Tobacco plant is known to easily absorb heavy metals from soil and accumulate them in leaves. Part of these metals is transferred by the smoke into the human body, where they accumulate, damage the organs (mainly kidney and liver) and act as promoters in conjunction with carcinogens. Application of the essential elements can be effective in the prevention of toxicity and curative manner against the negative effects of toxic heavy metals. Reducing the harmful health effects of tobacco smoke is one of the major tasks of our research. Essential elements, first of all Zn and Fe, were added in an artificial way on tobacco-cut so that these elements should pass by the smoke to the smokers' bodies. The toxic metal content of our tobacco-sample was consistent with other data published in international literature (Cd: 1.55 mg g –1; Pb: 1.51 mg g –1). The transfer rates of these metals from tobacco-cut to smoke were significant (Cd: 15–34%; Pb: 8–20%). Twenty-thirty percent of the artificially added Zn and 10–23% of Fe transfer into the smoke was mainly in total particulate matter (TPM). The transmission of Zn to the smoke seems not to be dependent on temperature of smoke formation. However, higher Fe concentration was detected in smoke forming at 600 °C than at 900 °C. The more considerable part of Zn and Fe can be found in the ash. __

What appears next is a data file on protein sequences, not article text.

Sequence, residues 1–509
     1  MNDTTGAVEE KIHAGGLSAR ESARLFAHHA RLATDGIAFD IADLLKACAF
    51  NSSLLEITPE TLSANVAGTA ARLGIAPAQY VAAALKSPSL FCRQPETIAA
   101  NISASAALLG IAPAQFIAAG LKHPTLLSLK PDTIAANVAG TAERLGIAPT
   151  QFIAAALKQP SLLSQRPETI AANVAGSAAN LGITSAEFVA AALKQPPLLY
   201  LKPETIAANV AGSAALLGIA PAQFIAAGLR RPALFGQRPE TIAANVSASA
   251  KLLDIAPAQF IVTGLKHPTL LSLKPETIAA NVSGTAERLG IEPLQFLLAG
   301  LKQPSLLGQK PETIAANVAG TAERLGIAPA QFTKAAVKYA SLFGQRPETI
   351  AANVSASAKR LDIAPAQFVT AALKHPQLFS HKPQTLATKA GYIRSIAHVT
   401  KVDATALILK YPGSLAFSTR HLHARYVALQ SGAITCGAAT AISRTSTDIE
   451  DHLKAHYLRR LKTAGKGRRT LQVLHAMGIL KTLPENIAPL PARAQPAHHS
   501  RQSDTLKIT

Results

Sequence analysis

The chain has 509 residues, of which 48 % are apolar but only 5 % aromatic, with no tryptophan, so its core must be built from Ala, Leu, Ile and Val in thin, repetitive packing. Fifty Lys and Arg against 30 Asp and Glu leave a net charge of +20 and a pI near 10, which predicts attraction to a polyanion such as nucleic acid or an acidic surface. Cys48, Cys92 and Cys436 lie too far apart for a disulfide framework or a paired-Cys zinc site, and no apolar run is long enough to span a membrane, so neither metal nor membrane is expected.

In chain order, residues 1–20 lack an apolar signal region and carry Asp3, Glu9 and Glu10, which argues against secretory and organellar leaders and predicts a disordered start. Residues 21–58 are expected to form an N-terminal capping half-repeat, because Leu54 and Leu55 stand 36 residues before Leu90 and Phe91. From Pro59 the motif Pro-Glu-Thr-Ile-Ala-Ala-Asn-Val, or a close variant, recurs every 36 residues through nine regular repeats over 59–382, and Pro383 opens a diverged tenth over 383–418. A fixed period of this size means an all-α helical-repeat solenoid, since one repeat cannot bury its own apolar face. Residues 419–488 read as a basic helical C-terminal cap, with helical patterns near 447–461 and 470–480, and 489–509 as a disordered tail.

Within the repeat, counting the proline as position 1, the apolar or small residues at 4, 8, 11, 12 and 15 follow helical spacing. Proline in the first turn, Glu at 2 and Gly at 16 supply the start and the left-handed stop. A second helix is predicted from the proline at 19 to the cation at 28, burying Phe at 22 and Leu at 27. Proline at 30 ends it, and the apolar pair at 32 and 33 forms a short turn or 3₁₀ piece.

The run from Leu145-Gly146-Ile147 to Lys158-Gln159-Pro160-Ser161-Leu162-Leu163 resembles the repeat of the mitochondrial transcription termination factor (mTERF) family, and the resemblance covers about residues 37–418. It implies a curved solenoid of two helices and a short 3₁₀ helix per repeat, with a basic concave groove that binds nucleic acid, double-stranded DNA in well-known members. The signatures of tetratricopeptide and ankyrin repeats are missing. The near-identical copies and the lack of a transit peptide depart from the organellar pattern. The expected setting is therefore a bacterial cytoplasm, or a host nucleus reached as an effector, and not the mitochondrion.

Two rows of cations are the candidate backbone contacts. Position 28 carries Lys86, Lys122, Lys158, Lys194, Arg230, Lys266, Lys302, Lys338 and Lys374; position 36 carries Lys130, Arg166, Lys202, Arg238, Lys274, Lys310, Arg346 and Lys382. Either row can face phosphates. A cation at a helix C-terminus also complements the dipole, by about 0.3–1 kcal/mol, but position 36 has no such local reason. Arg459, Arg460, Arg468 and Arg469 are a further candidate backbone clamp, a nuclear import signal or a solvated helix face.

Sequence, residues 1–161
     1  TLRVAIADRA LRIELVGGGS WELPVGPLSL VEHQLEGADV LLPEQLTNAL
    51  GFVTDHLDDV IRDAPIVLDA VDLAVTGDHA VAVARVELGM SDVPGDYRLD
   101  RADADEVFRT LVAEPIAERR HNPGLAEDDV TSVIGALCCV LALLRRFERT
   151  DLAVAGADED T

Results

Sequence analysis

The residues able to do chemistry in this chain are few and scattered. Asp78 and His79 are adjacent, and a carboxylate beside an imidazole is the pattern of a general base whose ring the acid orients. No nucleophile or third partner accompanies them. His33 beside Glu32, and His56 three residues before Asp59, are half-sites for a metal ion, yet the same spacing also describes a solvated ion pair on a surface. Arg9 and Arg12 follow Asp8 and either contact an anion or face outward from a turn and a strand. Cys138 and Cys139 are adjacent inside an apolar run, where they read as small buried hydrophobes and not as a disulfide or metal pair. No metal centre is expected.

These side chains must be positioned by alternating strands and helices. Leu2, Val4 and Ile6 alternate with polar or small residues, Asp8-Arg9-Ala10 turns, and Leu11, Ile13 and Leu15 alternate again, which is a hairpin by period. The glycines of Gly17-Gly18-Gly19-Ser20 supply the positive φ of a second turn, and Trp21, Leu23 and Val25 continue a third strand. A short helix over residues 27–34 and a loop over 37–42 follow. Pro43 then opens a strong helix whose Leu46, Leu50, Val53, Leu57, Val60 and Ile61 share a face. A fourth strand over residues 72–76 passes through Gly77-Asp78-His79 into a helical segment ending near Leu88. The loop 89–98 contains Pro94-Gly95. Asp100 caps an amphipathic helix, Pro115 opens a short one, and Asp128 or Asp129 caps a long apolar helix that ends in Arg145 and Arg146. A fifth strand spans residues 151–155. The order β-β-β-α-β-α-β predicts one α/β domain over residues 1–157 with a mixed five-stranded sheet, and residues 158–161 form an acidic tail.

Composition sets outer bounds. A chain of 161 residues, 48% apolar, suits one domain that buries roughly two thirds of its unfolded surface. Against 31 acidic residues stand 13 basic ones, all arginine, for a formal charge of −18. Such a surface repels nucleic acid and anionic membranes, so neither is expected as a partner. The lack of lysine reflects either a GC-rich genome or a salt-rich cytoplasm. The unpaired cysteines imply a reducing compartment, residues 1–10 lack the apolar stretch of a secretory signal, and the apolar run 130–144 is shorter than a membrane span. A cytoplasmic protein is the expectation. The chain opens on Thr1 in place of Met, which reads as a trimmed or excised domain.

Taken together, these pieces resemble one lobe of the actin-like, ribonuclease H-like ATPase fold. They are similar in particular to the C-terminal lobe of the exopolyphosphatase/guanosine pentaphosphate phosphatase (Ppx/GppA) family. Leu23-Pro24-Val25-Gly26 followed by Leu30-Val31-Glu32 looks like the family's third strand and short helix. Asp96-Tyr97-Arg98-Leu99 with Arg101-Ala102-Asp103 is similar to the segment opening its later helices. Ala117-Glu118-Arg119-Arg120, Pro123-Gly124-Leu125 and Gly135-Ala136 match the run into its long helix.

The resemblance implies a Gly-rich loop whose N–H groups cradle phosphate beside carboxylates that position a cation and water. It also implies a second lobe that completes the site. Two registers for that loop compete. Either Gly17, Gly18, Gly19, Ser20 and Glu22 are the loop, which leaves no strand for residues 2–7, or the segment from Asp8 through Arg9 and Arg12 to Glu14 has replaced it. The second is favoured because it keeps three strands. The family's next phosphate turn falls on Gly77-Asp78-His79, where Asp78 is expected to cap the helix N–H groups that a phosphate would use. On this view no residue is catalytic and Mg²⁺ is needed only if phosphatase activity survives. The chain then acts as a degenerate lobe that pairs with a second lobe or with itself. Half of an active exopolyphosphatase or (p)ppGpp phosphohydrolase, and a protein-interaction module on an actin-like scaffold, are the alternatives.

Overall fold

Flanagan, P. R., Chamberlain, M. J. & Valberg, L. S. (1982): The relationship between iron and lead absorption in humans. Am. J. clin. Nutr., 36, 823-829.
'The relationship between iron and lead absorption in humans.' () 36Am. J. clin. Nutr.: 823-829.
The relationship between iron and lead absorption in humans.Am. J. clin. Nutr.36823829)| false